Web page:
Henderson Island, an uninhabited remote island in the South Pacific, is covered by 18 tonnes of plastic.
The island is being studied by marine scientists after it was discovered that it has the highest density of anthropogenic debris recorded anywhere in the world. 99.8% of the debris is plastic.
“I’ve been fortunate in my career as a scientist to travel to some of the remote islands in the world, but Henderson was really quite an alarming situation … the highest density of plastic I’ve really seen in the whole of my career,” says Australian researcher Dr. Jennifer Lavers.
The findings were published this week in the Proceedings of the national Academy of Sciences. Production of plastic has increased from 1.7 million tonnes in 1954 to 311 million tonnes in 2014. The nearly 18 tonnes of debris found on Henderson Island accounts for just 1.98 seconds’ worth of the current annual global production of plastic.
According to the research team, led by Dr. Lavers and Dr. Alexander Bond from the Centre for Conservation Science in the UK, there are 671.6 items per square meter on the surface of the island’s beaches, with 68 percent of the debris buried less than 10 centimeters in the sand.
Over the three-month survey of the island, the team witnessed 17 to 268 new items wash up on a 10-meter section of the island’s north beach. This translates to a daily accumulation rate of 1.7 to 26.8 items per meter. Overall there were about 13,000 new items washing up on the island daily.
Dr. Lavers says that the majority of the debris is waste that has found its way into the ocean from land, rather than waste from shipping lanes or fisheries. Only 7 percent of the debris was from fishing-related activities. The majority of the mess was from everyday household items, like plastic razors, toothbrushes, plastic scoops, etc.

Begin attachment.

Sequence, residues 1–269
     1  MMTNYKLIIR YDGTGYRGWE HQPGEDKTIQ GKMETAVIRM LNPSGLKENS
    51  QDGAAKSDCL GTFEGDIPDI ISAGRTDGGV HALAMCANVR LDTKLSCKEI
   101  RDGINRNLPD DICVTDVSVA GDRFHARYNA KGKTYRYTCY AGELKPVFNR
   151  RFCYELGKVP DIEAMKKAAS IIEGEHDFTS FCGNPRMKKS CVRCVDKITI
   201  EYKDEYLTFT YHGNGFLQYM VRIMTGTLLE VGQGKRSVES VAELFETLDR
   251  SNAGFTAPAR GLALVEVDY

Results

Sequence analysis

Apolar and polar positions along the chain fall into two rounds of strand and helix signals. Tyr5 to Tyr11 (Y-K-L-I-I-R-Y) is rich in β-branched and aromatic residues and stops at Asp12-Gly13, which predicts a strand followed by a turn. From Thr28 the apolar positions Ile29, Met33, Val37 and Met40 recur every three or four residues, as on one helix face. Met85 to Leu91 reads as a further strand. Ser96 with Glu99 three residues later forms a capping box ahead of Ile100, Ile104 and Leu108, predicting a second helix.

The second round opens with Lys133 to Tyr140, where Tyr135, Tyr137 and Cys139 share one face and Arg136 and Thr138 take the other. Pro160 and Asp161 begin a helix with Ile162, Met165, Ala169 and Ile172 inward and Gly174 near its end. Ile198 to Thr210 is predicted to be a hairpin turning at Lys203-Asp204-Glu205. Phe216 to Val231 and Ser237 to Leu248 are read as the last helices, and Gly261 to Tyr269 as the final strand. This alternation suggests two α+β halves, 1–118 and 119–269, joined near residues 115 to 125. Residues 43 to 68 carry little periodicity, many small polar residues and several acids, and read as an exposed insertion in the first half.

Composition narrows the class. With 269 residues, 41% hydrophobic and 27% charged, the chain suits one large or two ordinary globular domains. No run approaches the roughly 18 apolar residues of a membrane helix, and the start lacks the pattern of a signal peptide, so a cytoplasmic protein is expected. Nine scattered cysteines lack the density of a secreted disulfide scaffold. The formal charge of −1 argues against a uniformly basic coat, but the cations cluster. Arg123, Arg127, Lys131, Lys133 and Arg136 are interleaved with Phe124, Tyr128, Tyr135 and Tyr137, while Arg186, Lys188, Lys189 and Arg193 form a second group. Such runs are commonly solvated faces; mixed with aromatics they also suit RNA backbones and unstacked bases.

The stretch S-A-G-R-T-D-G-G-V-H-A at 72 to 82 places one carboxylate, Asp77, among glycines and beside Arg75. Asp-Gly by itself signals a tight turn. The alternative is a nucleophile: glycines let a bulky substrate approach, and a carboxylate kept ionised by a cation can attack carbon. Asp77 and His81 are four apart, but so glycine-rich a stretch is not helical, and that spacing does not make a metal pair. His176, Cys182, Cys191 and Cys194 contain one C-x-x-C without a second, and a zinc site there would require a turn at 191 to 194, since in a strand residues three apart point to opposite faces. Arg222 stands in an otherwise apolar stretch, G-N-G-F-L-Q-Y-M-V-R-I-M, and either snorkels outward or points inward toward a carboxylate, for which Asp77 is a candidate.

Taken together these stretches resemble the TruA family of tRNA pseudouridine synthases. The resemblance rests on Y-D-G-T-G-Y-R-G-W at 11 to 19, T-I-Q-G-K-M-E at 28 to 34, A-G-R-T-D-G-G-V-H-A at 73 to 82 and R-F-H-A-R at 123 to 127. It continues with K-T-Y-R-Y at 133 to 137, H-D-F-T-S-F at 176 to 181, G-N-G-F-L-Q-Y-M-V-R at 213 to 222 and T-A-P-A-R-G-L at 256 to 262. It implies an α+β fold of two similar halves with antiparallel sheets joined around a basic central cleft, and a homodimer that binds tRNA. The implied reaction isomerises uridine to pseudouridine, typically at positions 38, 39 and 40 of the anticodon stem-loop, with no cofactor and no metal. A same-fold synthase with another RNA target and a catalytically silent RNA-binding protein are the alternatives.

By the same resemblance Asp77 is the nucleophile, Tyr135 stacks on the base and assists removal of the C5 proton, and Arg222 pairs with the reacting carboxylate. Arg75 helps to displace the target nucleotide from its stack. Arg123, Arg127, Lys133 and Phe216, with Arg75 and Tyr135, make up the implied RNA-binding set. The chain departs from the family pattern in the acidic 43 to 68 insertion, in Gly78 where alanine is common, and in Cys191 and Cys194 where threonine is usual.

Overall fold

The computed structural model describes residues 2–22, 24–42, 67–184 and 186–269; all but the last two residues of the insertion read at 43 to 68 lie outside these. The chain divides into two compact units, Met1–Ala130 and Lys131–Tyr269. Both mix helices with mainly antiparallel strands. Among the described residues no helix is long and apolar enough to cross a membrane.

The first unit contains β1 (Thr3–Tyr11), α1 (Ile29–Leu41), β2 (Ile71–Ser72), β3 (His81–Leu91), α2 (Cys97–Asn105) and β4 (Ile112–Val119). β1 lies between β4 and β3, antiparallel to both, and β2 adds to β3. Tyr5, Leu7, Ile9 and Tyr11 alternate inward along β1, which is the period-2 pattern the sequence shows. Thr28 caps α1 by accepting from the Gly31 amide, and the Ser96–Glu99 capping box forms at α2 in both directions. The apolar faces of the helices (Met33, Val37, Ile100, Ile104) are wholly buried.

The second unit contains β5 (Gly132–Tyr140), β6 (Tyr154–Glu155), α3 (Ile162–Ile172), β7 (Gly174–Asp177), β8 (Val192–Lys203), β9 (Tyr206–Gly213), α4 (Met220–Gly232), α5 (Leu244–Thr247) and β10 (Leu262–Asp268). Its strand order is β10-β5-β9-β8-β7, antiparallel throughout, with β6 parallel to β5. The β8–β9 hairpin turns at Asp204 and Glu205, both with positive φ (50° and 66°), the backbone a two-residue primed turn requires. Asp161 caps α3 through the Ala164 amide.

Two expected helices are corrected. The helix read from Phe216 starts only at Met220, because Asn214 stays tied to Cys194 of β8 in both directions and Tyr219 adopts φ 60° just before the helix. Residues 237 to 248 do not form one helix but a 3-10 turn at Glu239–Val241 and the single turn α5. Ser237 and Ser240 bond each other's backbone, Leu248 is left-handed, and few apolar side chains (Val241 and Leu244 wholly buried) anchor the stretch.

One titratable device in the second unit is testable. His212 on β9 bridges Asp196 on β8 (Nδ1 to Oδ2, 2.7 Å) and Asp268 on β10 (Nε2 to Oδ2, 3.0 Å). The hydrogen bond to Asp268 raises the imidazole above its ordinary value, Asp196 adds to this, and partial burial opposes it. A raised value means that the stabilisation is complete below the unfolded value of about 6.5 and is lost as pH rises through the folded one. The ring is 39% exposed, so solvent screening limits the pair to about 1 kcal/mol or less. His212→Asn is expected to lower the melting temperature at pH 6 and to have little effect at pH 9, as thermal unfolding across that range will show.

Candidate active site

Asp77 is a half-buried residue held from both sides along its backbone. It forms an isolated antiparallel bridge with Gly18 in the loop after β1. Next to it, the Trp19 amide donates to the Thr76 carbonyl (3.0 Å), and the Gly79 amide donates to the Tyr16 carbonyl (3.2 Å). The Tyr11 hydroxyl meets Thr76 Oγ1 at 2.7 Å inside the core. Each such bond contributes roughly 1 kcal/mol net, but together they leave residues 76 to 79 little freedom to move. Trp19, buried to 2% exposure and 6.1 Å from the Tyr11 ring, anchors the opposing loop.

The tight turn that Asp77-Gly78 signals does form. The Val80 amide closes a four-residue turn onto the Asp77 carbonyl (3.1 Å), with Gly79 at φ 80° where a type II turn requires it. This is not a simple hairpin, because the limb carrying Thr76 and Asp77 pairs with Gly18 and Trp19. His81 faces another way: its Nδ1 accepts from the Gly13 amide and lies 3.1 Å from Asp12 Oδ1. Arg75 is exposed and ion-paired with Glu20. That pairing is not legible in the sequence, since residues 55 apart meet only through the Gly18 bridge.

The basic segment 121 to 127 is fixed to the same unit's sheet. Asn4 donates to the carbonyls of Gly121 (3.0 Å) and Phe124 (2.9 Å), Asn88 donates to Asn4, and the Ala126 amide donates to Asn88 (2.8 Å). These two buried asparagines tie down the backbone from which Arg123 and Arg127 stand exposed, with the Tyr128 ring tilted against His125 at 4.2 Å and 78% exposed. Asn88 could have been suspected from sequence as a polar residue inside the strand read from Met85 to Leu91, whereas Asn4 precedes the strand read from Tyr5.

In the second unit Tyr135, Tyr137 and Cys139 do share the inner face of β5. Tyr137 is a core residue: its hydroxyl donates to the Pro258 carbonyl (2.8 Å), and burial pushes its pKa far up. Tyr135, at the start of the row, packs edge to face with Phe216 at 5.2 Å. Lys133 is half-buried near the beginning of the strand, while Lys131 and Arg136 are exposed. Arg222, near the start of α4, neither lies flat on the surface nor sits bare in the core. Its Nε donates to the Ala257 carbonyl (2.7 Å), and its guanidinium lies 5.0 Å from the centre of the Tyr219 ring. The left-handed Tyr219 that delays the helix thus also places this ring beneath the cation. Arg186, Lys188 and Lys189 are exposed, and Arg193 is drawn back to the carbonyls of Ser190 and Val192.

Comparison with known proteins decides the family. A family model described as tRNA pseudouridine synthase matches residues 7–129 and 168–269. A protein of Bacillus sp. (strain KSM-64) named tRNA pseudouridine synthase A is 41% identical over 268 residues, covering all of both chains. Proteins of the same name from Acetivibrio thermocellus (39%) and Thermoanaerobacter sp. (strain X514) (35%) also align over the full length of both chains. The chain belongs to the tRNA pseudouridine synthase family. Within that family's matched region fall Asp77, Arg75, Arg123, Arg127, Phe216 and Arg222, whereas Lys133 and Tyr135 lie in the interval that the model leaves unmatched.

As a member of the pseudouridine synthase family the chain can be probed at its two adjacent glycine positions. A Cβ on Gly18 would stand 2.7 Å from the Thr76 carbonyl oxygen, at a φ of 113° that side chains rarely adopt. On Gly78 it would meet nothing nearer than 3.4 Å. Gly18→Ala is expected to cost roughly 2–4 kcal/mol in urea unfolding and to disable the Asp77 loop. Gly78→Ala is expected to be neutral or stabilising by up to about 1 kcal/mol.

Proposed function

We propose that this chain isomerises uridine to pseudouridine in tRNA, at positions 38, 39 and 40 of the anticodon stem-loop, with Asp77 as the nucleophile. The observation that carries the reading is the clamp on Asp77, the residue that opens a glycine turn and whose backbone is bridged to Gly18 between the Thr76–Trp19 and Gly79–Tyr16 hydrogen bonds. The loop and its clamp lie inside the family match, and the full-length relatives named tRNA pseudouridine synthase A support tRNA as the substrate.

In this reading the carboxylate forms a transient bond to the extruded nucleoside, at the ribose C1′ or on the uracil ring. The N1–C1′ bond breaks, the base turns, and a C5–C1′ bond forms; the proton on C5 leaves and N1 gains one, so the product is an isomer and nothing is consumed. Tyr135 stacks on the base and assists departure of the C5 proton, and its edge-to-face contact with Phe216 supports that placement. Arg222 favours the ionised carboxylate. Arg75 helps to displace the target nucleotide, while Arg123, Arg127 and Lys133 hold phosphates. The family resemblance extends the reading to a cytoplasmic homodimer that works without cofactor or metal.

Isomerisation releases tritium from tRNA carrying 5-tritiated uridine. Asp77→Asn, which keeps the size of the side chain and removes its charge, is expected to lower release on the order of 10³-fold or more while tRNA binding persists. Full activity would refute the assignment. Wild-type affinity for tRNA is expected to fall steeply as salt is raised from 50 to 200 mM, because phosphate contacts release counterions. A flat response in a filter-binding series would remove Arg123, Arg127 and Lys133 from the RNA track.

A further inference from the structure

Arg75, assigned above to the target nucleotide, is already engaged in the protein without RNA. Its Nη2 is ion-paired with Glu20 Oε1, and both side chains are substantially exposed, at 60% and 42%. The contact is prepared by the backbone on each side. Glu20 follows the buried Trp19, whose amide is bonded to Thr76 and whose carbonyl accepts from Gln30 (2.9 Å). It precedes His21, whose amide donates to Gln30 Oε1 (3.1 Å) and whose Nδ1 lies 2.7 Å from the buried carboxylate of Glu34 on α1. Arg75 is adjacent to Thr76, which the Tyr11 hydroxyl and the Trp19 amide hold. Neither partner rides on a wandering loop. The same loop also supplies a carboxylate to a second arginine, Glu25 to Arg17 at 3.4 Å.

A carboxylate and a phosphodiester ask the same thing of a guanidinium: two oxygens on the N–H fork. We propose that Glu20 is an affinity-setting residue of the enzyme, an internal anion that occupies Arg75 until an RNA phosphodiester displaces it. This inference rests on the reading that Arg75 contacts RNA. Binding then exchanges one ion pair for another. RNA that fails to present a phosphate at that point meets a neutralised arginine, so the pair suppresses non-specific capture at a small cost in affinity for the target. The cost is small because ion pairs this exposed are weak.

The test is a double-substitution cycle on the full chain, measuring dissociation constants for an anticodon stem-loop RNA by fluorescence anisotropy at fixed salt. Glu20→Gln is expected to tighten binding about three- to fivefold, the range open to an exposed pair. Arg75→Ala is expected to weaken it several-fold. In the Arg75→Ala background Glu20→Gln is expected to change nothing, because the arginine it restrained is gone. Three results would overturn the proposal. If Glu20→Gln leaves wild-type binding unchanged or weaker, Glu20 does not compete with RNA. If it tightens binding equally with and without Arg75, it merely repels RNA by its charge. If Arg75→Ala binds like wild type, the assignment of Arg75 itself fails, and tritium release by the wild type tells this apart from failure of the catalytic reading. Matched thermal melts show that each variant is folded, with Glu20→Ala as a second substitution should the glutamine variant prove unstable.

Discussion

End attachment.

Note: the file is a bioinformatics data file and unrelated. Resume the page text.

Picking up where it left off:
“It speaks to the fact that these items that we call ‘disposable’ or ‘single-use’ are neither of those things, and that items that were constructed decades ago are still floating around there in the ocean today, and for decades to come,” Dr. Lavers said.
The plastic has created a barrier for sea turtles attempting to enter the beach, resulting in a reduction in sea turtle-laying numbers.
Plastic pollution in the ocean is becoming an increasing threat. According to a recent report, if the rate of plastic pollution stays the same as it is now, there will be more plastic in the ocean than fish by 2050.
Plastic pollution affects both ocean animals and humans. Plastic waste facilitates the spread of industrial chemicals. According to Lavers, “At a very minimum, 25 percent of world’s marine fish species are consuming plastic and we know with that plastic comes a suite of chemical pollutants. Those fish are the base of the food web … and we know humans are at the top of the food web.”
If you liked this article, please donate $5 to keep NationofChange online through November.